Tuesday, September 17, 2019

Race. Foster Care. Deep secrets. And what makes a family. Lisa Sturm talks about her gripping novel ECHOED IN MY BONES.

 Lisa Sturm's gripping novel is about race, foster care and the traumatic secrets of the past.  As a young girl, Lakisha gives up her newborns, one who looks white and one who looks black, into the foster care system. But years later, Laikisha must search for them to save another--and herself.

Here's just some of the praise:

 “This uplifting story reminded me that the invisible threads that create a family are often stronger than time, distance, and hardships.”
-- Jennifer Haupt, bestselling author of In the Shadow of 10,000 Hills

 "Drawing on her experience as an inner-city psychotherapist, Lisa Sturm reminds us just how much distinct environmental stressors, or advantages, pave our paths in life, and also how profound our need for family is. This well-crafted and well-imagined novel will keep you reading well into the night."  
-- Ellen Sherman, Just the Facts and Monkeys on the Bed

Lisa Sturm's short stories have been published in literary journals such as Tulane Review, Serving House Journal, Mom Egg Review, Willow Review, and Turk's Head Review, and in an anthology entitled Sisters Born, Sisters Found (Wordforest Press, 2015). She received the Willow Review Fiction Award and the Writer's Relief Peter K. Hixson Wild Card/Fiction Award for selections from her debut novel, ECHOED IN MY BONES (Twisted Road Publications, 2019), a story inspired by her work as an inner-city psychotherapist.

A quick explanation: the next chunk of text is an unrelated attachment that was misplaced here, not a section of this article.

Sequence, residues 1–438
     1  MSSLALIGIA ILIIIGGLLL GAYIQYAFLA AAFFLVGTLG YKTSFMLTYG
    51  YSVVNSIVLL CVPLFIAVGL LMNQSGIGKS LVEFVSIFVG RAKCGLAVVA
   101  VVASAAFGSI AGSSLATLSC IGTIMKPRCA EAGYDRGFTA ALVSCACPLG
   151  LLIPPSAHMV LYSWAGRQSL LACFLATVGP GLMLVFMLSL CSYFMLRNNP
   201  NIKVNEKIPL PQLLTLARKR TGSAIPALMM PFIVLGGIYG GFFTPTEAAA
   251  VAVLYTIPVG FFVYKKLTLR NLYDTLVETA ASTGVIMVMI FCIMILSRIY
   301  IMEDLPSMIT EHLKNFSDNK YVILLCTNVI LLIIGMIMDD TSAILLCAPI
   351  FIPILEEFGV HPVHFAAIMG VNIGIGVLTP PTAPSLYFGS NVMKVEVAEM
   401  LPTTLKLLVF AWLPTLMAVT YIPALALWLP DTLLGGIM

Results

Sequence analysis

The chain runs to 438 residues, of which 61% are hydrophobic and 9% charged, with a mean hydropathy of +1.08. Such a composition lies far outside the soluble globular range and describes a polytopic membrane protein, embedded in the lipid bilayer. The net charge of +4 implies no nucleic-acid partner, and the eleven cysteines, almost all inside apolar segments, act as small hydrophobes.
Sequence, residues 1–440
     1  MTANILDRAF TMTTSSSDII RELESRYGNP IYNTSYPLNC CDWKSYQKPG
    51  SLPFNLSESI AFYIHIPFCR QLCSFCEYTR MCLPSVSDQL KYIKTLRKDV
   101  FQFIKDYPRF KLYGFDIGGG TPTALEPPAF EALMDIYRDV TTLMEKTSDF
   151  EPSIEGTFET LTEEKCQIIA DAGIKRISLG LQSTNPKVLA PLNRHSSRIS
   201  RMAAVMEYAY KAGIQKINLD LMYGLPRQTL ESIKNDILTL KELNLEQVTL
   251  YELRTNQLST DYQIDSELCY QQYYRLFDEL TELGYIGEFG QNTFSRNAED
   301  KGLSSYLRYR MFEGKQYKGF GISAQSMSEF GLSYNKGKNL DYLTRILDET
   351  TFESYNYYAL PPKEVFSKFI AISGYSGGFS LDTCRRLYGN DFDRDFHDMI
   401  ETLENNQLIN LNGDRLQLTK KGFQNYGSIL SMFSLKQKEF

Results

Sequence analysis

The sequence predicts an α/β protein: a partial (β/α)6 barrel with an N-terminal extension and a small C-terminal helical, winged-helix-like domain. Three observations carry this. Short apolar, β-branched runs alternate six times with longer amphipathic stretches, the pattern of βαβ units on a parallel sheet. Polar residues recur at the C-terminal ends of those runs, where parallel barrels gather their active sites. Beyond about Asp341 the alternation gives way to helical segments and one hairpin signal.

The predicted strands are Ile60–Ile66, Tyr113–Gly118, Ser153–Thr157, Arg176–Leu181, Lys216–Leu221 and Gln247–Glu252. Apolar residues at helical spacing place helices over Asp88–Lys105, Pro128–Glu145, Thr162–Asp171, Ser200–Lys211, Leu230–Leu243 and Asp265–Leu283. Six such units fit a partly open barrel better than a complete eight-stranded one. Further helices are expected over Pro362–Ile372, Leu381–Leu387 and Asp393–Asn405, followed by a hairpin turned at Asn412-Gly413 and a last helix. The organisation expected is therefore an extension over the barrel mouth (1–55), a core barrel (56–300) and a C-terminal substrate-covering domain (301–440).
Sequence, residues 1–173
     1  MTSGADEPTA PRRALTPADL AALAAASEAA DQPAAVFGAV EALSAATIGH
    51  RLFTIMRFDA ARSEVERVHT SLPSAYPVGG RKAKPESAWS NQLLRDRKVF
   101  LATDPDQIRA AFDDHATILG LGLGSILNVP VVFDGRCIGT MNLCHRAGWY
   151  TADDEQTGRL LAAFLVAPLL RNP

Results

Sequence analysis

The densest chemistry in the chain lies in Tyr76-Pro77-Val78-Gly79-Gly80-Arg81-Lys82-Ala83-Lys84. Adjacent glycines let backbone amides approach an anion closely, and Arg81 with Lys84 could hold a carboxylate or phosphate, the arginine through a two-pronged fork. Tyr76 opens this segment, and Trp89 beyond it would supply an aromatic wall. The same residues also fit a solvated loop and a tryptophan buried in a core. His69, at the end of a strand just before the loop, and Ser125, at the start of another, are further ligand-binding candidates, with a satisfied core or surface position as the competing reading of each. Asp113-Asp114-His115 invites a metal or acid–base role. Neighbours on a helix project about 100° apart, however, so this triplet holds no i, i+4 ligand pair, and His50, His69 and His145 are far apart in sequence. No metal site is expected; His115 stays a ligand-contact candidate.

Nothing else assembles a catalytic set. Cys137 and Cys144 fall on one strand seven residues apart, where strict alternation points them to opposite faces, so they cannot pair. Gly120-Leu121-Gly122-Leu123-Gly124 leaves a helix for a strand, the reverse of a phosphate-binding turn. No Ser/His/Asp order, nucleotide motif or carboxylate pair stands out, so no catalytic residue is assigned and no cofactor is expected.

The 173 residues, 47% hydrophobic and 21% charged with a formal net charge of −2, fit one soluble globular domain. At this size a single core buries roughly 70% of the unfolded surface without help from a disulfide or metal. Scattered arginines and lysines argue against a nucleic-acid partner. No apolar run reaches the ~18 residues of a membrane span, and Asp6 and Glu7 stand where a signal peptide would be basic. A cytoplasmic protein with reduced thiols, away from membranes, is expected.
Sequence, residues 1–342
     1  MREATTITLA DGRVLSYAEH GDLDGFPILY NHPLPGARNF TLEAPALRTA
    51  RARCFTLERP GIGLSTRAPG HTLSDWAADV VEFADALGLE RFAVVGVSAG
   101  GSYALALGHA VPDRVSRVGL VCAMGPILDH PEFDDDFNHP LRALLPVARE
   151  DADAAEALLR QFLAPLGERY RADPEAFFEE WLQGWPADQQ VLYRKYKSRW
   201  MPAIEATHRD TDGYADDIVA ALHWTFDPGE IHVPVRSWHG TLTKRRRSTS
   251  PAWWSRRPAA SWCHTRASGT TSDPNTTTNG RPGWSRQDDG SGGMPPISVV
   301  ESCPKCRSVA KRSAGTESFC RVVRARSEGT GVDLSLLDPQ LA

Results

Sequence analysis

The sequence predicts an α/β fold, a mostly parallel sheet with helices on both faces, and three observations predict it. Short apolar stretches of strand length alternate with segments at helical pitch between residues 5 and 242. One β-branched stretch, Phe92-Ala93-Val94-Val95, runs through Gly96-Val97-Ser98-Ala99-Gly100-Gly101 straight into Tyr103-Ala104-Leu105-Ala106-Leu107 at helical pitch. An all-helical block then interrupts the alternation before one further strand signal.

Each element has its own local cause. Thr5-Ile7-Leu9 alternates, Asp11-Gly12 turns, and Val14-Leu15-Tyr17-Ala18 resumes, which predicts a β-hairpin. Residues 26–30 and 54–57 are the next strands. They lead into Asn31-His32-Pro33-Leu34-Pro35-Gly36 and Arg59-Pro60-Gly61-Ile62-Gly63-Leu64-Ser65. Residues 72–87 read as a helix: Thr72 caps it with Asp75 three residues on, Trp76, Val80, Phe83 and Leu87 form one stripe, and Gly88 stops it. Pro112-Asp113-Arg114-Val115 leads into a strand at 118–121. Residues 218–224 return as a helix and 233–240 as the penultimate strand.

Thank you so much, Lisa for being here!

I always, always ask this question. What was it that was haunting you personally that propelled you to write Echoed in My Bones?

I suppose, in some sense, I was haunted by former psychotherapy patients whose suffering or faith or resilience or decisions I found deeply moving. For example: There was a seventeen-year-old girl who needed to prepare for the SATs and couldn’t afford a study guide, so I gave her an extra one we had lying around the house. When I handed it to her, she kept running her fingers over the glossy cover and finally shared, “No one has ever given me a brand-new book.” That stuck with me. There was a mother of six who had survived childhood homelessness and sexual abuse and sought therapy because she wanted to ensure her past trauma wouldn’t interfere with her parenting. Her strength was inspiring. I’m haunted by a mother I saw just a few times, who was court-ordered to receive counseling because her husband had injured one of their children while drunk. Child Protective Services warned that if her husband didn’t move out during the investigation, her kids would be taken away—but for some unfathomable reason, she couldn’t ask him to leave. I still struggle with that one. Finally, there was an eighth grader whom I saw after she’d been repeatedly raped by a family member. In foster care, she’d become sexually active with boys in the neighborhood and her foster mom threatened to kick her out. That girl was so sweet and so loveable, I often fantasized about adopting her myself. I’m sure there were others, but those are a few that stand out in my mind.

You’ve written such a powerful and provocative novel about race and family and the choices that we make. Can you talk about this please?